The stallion stood high on a ridge, his sleek black body glistening in the bright sunlight. His position gave him a clear view of the valley below where his herd lazily grazed. The thirty or so horses were confident he would alert them should any danger arise. A soft wind blew across the stallion’s powerful body lifting his long black mane off of his heavily muscled neck. He was all black except for a stripe of white hair running down the middle of his forehead between his dark intelligent eyes. As he stood above the herd, his eyes alertly scanned the valley looking for any signs of danger.
Suddenly, a billowing cloud of dust appeared in the distance. As the cloud drew closer, the stallion’s keen gaze spotted its source. The dust was being stirred up by the hooves of a large group of horses ridden by men intent on capturing his herd. Alert to the danger, the powerful horse reared up on his hind legs and let out a cry of alarm. As he thundered down the slope of the ridge toward his herd, he continued to sound his warning.
The herd responded instantly. The sound of thirty horses’ hooves pounding against the ground filled the air as they turned as one and followed their leader. The stallion glanced over his shoulder. The men on horseback were closer than they had first appeared. He quickened his pace. His muscles rippled with power as he led his herd away from their pursuers.
They fled across the valley. The men on horseback relentlessly followed. The stallion turned the herd toward the canyon that ran to the east of the valley. The canyon was full of twists and turns that were dangerous even for those who knew them well.
Confident the men on horseback would not be able to keep up with them, the big horse led the herd quickly through the canyon. This was their home. They knew the twists and turns by heart. He threw another glance over his shoulder. His confidence grew as he noted that the men pursuing them were falling farther and farther behind them.
As the herd rounded the next bend, the stallion slid to a sudden stop. Six men on horseback sat in front of them blocking their path. His nostrils flared in anger at the sudden appearance of the men.
“There they are boys!” shouted one of the men. “I told you they would come this way!”
The big black reared up, showing his intimidating size. Then he brought his front hooves down hard. The sound of his hooves striking the ground echoed through the canyon. He snorted his frustration. He abruptly turned around and headed back into the canyon.
The herd had only traveled a short distance, when they spotted another group of men moving toward them. The stallion glanced back once more and saw the men behind them steadily advancing.
He stopped. The herd danced around him nervously, as they looked to their leader to tell them what to do next. The stallion knew they were trapped. As the men drew closer, he pawed at the ground stirring up dust in a show of aggression. He flared his nostrils and snorted his warning. His eyes flashed in anger.
A big man astride a large buckskin moved to the front of the group and met the stallion’s eyes. The man’s eyes reflected his confidence as he drew out a whip and cracked it with authority. The big black took a quick glance at his herd. Their sides heaved and their heads drooped in exhaustion. Flecks of frothy sweat clung to their hides. The run through the canyon had taken its toll. He glanced back at the rider holding the whip. He was confident he could force his way through the group of men, but he also knew his herd was too exhausted to follow him.
The stallion’s eyes met the man with the whip’s eyes once more. He saw the man’s challenge and wanted to meet it, but he knew it was not the best choice for his herd. He dropped his gaze. The man flashed a victorious grin and shouted, “Okay, boys, let’s turn ‘em toward home!”
The men moved the herd out of the canyon and headed them west back across the valley. They drove the herd for several miles. By the time they reached the ranch, fatigue had slowed their pace to a walk.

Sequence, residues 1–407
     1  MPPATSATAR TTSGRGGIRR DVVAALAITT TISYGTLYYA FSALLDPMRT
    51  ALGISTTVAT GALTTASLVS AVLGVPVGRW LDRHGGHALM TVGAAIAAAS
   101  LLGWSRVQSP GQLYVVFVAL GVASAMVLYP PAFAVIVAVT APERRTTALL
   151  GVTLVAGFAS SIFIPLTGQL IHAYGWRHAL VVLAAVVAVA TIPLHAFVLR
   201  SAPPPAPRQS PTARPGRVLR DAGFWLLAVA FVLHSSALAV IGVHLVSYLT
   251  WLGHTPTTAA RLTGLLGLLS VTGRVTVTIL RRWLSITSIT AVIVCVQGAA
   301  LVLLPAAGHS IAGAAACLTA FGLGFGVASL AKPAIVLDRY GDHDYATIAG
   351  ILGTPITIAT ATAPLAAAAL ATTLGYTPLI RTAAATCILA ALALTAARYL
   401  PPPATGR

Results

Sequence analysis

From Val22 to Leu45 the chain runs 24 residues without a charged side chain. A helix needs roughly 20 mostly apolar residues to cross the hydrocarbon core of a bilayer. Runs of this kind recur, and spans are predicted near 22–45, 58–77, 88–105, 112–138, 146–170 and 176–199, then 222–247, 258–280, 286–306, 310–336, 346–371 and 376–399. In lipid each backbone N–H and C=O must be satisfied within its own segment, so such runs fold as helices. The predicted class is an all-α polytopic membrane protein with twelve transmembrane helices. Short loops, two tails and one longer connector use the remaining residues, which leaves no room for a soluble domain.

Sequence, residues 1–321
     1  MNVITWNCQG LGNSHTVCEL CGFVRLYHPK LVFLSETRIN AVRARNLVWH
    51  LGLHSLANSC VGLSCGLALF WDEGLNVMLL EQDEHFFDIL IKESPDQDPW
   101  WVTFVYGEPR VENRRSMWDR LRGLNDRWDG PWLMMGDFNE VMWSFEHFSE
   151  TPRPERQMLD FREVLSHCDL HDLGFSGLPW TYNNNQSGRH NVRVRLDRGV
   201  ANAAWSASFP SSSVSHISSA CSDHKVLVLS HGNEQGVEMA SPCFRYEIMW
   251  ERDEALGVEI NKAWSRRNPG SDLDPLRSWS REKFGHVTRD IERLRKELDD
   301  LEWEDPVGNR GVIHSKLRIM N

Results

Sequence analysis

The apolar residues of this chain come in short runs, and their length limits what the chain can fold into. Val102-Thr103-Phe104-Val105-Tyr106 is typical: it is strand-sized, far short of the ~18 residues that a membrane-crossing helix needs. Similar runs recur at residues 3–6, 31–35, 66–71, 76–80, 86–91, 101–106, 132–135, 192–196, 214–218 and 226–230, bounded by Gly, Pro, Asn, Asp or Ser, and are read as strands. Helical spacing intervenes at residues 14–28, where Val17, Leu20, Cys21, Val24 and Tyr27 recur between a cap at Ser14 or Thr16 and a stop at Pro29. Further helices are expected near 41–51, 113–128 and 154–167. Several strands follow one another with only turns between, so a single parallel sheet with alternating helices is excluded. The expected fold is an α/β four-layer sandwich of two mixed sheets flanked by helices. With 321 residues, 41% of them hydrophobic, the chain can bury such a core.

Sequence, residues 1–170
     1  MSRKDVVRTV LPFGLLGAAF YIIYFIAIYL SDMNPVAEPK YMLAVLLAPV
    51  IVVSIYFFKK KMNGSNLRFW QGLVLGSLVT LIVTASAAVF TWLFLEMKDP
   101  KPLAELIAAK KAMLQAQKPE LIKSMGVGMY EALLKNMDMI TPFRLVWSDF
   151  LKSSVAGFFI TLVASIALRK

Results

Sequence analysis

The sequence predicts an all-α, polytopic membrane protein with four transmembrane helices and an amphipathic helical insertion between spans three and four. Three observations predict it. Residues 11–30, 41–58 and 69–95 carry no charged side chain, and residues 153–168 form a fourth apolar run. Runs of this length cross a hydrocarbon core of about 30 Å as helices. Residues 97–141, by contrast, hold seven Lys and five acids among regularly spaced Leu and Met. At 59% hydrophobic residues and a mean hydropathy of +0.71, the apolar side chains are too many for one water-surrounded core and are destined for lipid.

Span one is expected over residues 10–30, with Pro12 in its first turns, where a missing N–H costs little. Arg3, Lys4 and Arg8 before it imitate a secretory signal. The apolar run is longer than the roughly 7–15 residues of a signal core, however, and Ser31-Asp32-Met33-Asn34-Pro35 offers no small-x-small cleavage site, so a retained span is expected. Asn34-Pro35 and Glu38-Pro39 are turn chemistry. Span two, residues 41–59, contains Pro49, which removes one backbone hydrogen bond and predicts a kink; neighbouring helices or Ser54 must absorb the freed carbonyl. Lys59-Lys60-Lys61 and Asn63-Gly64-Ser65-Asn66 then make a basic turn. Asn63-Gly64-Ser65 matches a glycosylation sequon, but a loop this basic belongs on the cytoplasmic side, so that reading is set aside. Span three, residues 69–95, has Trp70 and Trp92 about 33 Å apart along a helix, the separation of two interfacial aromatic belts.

The sprawling ranch covered several hundred acres. Pasture land filled with about one thousand head of cattle and a few hundred horses took up most of the acreage. The main house sat at the ranch’s center. It was an impressive two story white house with green shutters and a wraparound porch. Several other buildings including two bunkhouses, two large barns, and the foreman’s cabin radiated out from the main house.
The men moved the horses into a large corral. The man who wielded the whip moved his horse to separate the stallion from the rest of the herd. He moved him into a smaller corral adjacent to the larger one. The big black trotted around the perimeter of the corral. He snorted and tossed his head in agitation.
“That sure is one beautiful horse,” declared one of the cowboys who had gathered to admire the stallion. Several of the cowboys leaned against the corral fence watching the big black as he trotted past.
“Yeah, Mr. Spencer is gonna love him,” replied Sam Baker, the ranch foreman, as he replaced his whip and exited the corral. Then he added, “Better call it a night boys. Tomorrow’s gonna be a long day.”
The next morning, the cowboys gathered around the large corral eager to begin the day. The sun was already beginning its climb into a cloudless sky. It was going to be a great day for breaking horses. The men’s faces shone with good humor and excitement.
Two of the men stood a little apart from the rest of the group.
“Look at that stallion, Jim. He’s somethin’ ain’t he?” The man who had spoken was tall and thin. He wore a beat up old cowboy hat pushed back off his forehead revealing a shock of almost white hair. His eyes were following the stallion as he pranced around his enclosure.
“Yeah, Whitey, he’s somethin’ all right and I mean to make him mine,” answered Jim. Jim stood a head shorter than Whitey. He had coal black hair and a handlebar mustache. The feature that set Jim apart was his eyes. They were emerald green and they gleamed with an evil glint that made even the toughest of men give him a wide berth.
“How you plannin’ to do that?” asked Whitey. “You know Mr. Spencer’s gonna want him for his own.”
“Mark my words. That horse is mine,” replied Jim with a determined glint in his eyes.
Whitey had been Jim’s partner since they pulled a bank job together as kids. He knew that if Jim set his mind to having the stallion, then nothing was going to stand in his way.
Just then, a tall broad shouldered man who carried himself with the air of a man accustomed to giving orders stepped up to the corral.
“Okay, men,” the man said, addressing the group of cowboys gathered there. “Go ahead and pick your mounts. You can have any horse you can break, except for the big black. He’s mine.”
“Yes, sir, Mr. Spencer!” the men shouted. Then they let out whoops of excitement as they clamored up to sit on the top rail of the corral. Each man scanned the group of horses spotting the ones they hoped would still be available when their turn came around. The men would choose their mounts based on seniority.
Sam Baker stepped into the corral first. He tossed his lariat around the neck of a big bay mare with four white stockings. A murmur of approval went up from the men sitting on the fence. The mare was a fine looking horse.